Power wins IndyCar championship; Palou wins season finale

MONTEREY, Calif. (AP) — Will Power was sidelined by Team Penske on Sunday but resisted his teammate’s internal challenge to end a season of consistency and win his second IndyCar championship.

Power finished third at Laguna Seca Raceway, beating teammate Josef Newgarden for the championship by 16 points in the final standings. The Australian’s first IndyCar title came in 2014.

“Oh man, that sounds so surreal,” said Power as he crossed the line behind outgoing IndyCar Champion Alex Palou and Newgarden, who made Power sweat to the checkered flag with a dogged drive through the field.

Kraft only needed third place to win the championship. But Team Penske proved last week that their cars drive individually and all three drivers were on their own in this title decider.

Newgarden was implacable.

“At the end of the day, I’m just proud of the team,” said a dejected Newgarden. In the past few days he has spoken of his personal quest for perfection and the emotional toll it takes on him.

As a five-time winner this season, his inconsistency just put him in too deep a hole to overcome Power’s season of consistency.

Newgarden was blown off course by a sloppy qualifying mistake that forced him to start 25th in the field of 26 riders. Picking his way through traffic, he used three nerve-wracking passes through Laguna Seca’s famous corkscrew to close things down for Power.

One of Newgarden’s big moves in the corkscrew was on power, but Newgarden cleaned it and moved to second behind Palou. It took the American a lot more to win the championship.

Power, who is 41, has insisted all year that he is “playing the long game” with a view to a second title. The Aussie has only won once but his average finish has been sixth and he has barely wobbled all year. On Saturday he won his 68th career pole, breaking Mario Andretti’s mark for most in series history.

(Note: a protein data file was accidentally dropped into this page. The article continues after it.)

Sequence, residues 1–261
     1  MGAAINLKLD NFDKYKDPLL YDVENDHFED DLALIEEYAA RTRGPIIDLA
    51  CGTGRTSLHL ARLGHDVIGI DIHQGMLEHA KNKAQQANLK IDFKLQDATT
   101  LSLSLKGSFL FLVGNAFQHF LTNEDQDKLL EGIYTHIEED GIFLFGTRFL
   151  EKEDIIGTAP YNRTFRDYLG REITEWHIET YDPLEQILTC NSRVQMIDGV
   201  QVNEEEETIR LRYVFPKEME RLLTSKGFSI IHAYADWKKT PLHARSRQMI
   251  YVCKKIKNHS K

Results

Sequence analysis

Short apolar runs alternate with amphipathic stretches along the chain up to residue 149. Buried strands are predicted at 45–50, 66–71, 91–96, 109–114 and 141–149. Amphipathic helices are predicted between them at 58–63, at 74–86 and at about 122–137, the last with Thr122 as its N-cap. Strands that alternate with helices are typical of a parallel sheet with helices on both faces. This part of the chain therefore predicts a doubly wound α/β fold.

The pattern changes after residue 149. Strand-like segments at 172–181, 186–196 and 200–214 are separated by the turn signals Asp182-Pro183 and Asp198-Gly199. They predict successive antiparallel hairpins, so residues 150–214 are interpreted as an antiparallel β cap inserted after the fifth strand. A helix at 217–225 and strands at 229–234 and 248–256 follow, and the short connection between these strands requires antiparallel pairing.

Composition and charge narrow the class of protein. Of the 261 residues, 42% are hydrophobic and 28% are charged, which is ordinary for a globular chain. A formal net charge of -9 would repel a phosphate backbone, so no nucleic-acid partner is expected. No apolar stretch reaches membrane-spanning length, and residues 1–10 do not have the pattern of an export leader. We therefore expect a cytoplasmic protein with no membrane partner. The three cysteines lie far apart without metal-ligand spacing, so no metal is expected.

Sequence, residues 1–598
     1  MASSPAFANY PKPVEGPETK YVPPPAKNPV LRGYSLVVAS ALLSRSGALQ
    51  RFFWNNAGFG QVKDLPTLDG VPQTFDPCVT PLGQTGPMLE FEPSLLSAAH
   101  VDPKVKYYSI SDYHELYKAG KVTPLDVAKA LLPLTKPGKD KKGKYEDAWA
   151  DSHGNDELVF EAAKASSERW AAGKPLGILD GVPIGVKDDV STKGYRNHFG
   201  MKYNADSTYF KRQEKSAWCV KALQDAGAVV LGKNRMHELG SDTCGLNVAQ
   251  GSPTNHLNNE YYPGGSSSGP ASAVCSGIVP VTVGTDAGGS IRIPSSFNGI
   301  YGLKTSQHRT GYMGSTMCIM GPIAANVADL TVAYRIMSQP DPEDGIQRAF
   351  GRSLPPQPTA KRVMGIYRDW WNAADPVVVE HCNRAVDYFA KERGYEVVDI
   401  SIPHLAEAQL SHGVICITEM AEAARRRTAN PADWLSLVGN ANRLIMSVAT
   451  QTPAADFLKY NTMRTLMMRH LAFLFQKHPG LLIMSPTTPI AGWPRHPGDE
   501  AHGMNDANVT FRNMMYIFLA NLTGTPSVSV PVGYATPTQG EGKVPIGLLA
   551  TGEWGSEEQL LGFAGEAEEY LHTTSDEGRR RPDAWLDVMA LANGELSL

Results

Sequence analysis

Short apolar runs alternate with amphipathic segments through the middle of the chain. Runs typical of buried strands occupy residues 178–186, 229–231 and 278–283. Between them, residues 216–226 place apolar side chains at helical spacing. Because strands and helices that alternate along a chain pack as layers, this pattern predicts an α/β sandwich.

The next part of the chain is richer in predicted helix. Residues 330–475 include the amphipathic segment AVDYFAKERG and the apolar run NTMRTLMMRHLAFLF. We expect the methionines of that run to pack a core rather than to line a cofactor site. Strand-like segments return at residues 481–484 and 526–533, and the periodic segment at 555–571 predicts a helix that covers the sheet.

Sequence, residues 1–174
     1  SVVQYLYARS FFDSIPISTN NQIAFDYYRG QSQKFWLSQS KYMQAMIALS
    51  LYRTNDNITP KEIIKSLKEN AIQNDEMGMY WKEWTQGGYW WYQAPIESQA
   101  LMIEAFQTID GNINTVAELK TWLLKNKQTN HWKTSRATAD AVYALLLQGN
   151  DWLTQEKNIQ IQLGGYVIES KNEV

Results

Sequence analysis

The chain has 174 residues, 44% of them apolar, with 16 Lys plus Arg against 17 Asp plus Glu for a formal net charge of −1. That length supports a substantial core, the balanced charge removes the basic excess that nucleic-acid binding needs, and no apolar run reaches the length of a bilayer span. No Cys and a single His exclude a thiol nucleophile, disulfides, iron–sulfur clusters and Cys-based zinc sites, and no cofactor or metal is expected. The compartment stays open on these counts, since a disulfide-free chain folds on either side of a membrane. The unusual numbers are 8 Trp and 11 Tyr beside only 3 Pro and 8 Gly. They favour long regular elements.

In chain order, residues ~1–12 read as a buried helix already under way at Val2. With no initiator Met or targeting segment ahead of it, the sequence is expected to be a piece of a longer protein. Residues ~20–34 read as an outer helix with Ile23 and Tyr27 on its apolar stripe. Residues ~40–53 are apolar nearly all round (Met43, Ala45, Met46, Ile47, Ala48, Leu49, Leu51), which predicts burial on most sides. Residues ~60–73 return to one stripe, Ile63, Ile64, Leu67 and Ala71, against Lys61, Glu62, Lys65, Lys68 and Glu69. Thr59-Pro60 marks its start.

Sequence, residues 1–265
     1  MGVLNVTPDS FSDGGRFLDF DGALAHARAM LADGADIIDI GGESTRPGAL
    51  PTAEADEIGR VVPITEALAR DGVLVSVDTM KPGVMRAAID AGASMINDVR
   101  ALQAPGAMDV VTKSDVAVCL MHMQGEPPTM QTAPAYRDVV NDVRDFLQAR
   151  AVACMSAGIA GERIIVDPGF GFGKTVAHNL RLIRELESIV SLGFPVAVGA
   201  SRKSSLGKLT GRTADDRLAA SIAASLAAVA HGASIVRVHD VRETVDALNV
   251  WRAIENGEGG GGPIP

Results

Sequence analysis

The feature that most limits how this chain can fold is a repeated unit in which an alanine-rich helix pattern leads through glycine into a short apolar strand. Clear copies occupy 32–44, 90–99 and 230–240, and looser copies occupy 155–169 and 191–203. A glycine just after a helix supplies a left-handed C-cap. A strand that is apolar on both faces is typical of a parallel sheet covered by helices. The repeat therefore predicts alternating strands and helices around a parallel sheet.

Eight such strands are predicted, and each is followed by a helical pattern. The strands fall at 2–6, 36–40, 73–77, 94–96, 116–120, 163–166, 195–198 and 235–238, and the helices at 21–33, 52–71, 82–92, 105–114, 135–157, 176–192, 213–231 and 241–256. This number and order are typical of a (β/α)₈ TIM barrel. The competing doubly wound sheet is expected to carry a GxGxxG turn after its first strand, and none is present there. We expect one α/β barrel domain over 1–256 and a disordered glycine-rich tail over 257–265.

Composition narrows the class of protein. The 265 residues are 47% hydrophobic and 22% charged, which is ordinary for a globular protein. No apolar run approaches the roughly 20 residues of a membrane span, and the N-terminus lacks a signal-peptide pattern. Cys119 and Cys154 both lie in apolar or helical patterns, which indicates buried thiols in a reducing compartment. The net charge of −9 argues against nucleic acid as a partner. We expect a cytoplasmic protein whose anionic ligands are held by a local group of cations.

Now the fastest man at IndyCar is also the most consistent and rewarded team owner Roger Penske with a 17th championship title.

Palou, who retired from the championship fight last week and was embroiled in a legal battle between Chip Ganassi Racing and McLaren over his 2023 rights, won his first race of the year. He was the only Ganassi rider to be competitive at Laguna Seca, where five riders fought for the title in the closest championship race since 2003.

Palou had the field covered and dominated the win. The four Ganassi cars tested at Laguna Seca but contenders Marcus Ericsson and Scott Dixon were never in contention on Sunday. Ericsson, the Indianapolis 500 winner, was ninth and six-time champion Dixon was 12th.

“Ultimately we just didn’t have the pace,” said Dixon. “You win something, you lose something, man. This team never gave up.”

Palou was the ninth different IndyCar winner this season and after taking the checkered flag with current team owner Ganassi behind him, Palou dodged where he would race next season. Ganassi says he took the 2023 option on the Spaniard, McLaren says it signed him and the fight is currently both in court and in mediation.

Palou definitely said in July that he would be a McLaren driver next year. After the win, he sounded less sure.

Palou’s dominance drew focus to Newgarden, who started the day 21 points adrift of teammate Power in the championship standings.

Colton Newgarden, the 22-year-old Californian being courted by the AlphaTauri Formula One team, was a non-existent 11th in what may be his last IndyCar race for some time. Herta has won the last two races at Laguna Seca from pole position and there is serious interest


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